I admit, I've got a weird paradox here. I think that death is a special thing and that heroic deaths are, in their own way, rewards. I guess it's because going out to save a city is an awesome way to be remembered. Which may be why deaths like Pantha's, Wildebeest's, Bushido's, Conner's or Kal-L's don't bother me. They might have had debatable effect, but they went out trying to stop a madman with the powers of a god. But, it's also true that aside from Conner (who would be really easy to resurrect if/when someone chooses) none of these characters even approach my favorites so of course I don't mind much that they die. If Sand or Guy had been killed against Superboy Prime, I'd have had a fit.

I am a bit of a hypocrite.

But I do know that I really hope Booster isn't dead. Because he didn't deserve to go out like this. The quieter Booster we saw in Countdown, Maybe. The Crusading one in the OMAC Project, sure. But the IC/52 Booster that may or may not even be the same character? No. He wasn't worthy of this death.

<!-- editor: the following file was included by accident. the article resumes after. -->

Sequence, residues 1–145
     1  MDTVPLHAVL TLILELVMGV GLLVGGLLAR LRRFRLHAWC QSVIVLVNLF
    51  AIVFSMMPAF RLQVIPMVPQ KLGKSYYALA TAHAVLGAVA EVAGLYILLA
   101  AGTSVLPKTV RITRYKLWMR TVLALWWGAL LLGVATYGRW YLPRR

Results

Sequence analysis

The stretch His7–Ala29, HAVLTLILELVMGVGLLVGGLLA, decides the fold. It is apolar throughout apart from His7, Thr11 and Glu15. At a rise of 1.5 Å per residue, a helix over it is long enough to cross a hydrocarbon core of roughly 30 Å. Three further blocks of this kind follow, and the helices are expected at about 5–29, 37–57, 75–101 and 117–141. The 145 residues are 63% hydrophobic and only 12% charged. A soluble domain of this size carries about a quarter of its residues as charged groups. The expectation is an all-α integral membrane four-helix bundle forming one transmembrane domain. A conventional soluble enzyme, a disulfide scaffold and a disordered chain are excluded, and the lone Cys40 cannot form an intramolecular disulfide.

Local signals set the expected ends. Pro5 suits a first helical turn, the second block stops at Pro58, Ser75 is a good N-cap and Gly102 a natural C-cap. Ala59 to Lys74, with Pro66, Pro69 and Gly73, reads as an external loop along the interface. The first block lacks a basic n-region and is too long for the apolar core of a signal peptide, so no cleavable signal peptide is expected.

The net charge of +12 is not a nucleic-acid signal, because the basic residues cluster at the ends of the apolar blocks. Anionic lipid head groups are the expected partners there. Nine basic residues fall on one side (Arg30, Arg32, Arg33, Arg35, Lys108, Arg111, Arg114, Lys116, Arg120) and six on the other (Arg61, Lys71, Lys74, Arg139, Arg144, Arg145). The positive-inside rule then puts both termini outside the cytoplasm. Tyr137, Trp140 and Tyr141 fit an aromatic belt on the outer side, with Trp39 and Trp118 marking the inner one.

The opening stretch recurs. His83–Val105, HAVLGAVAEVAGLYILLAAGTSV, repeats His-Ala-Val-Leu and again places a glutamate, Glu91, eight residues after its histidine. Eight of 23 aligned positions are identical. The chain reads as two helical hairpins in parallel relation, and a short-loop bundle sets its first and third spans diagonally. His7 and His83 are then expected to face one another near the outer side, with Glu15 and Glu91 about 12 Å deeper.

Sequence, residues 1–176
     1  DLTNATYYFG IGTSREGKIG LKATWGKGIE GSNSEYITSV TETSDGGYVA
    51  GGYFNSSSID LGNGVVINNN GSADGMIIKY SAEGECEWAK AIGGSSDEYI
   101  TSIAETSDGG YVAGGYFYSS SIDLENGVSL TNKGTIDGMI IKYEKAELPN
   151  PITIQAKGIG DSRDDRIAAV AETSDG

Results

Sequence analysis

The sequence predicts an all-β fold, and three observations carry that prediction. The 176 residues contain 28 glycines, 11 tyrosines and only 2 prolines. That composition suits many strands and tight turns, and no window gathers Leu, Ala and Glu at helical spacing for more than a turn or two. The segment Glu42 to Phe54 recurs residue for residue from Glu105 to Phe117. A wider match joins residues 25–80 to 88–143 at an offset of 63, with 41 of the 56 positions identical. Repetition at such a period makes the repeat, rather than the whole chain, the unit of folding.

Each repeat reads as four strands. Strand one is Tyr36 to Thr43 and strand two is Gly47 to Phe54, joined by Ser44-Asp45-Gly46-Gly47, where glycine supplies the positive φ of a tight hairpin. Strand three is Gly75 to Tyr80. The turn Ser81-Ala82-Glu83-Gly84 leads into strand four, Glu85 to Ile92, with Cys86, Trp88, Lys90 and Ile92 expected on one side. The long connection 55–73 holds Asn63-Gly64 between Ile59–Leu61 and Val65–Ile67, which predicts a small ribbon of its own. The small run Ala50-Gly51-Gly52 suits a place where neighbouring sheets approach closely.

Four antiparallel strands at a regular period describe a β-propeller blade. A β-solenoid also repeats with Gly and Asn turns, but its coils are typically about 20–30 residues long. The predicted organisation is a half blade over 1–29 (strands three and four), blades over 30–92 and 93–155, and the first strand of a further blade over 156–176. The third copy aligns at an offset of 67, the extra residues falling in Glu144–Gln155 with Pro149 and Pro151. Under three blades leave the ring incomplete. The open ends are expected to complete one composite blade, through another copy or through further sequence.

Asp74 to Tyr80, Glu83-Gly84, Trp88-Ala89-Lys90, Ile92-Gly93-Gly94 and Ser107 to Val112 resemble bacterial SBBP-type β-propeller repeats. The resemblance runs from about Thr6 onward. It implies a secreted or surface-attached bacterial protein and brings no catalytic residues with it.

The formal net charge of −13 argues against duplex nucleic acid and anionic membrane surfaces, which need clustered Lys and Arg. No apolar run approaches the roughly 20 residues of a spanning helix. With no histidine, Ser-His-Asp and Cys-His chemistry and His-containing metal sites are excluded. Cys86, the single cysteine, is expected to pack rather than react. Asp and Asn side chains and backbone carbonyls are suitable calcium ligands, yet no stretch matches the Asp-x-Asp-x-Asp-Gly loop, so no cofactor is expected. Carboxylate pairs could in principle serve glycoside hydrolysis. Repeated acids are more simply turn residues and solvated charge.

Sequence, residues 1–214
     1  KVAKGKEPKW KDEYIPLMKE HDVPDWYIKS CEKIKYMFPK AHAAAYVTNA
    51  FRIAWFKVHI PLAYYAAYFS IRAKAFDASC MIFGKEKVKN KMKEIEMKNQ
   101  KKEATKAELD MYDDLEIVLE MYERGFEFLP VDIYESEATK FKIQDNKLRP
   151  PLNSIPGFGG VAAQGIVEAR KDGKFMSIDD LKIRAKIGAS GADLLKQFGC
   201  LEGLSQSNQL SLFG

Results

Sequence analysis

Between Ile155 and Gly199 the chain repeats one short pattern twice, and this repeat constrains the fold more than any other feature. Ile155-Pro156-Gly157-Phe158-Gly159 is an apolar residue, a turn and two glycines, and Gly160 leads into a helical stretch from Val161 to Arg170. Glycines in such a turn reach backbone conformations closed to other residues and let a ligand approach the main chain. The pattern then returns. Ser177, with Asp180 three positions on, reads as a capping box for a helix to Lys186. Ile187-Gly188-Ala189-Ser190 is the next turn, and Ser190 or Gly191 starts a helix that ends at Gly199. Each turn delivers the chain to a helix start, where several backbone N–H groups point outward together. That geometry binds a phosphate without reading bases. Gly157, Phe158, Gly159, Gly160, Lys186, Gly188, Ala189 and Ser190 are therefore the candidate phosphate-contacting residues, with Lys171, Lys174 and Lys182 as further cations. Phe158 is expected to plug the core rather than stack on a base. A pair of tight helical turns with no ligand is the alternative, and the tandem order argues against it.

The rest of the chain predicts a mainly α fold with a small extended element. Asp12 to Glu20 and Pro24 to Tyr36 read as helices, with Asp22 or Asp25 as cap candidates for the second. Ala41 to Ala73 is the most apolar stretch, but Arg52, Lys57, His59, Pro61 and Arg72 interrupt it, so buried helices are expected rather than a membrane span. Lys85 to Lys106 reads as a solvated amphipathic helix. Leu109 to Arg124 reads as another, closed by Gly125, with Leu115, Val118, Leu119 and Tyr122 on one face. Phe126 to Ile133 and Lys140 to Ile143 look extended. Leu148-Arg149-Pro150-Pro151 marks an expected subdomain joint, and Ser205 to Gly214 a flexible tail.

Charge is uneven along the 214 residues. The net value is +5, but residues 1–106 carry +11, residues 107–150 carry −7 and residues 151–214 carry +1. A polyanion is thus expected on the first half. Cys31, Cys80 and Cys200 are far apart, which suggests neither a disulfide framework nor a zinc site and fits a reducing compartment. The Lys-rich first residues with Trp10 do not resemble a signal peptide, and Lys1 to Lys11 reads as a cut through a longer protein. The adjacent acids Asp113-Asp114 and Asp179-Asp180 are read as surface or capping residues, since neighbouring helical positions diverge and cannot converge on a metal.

Of course, there's the very high chance, given all the straightforwardness regarding his death, that things aren't what they seem at all. So I'll just have to wait and see.

Sunday, August 20, 2006

Random Thoughts: November Solicits

So Ragnell just linked the DC Solicitations. Most aren't up yet but there are a few that intrigue me. I'm doing another reaction snippet post to try to hide the fact that I don't feel like writing anything of substance tonight either. I'm lazy. Anyway:

The Collateral Damage one could either be really kickass or really awful. It's Chaykin, and I liked his Evil's Might, but I don't know how well he'll write Guy Gardner. Beau Smith vouched for him on a message board a while back though so I'm hopeful.

But a serious take on G'Nort perplexes me. Then again, he's calling Guy as a neutral party, so that probably says something. I'm looking forward to seeing it really. Guy IS my favorite Lantern.

The 52 issues look intriguing. I'm particularly interested in the Bat-family one. I really want to see Kate and Bruce interact. The Black Marvel family sounds pretty neat. And I really want to know what's going to happen with Jean Loring.

I'm really intrigued by Birds of Prey. I'm hoping Bulleteer ends up on the team. Of all the seven soldiers, I find her and the new Shining Knight the most interesting. I'd love to see Shining Knight on the JSA (I think she'd benefit from the strong family connections as well as Courtney would thrive in a big sister role, but I suppose that's another Infusing Estrogen post...) and Bulleteer would be awesome in BoP. I'd love to see what Ms. Simone can do with her.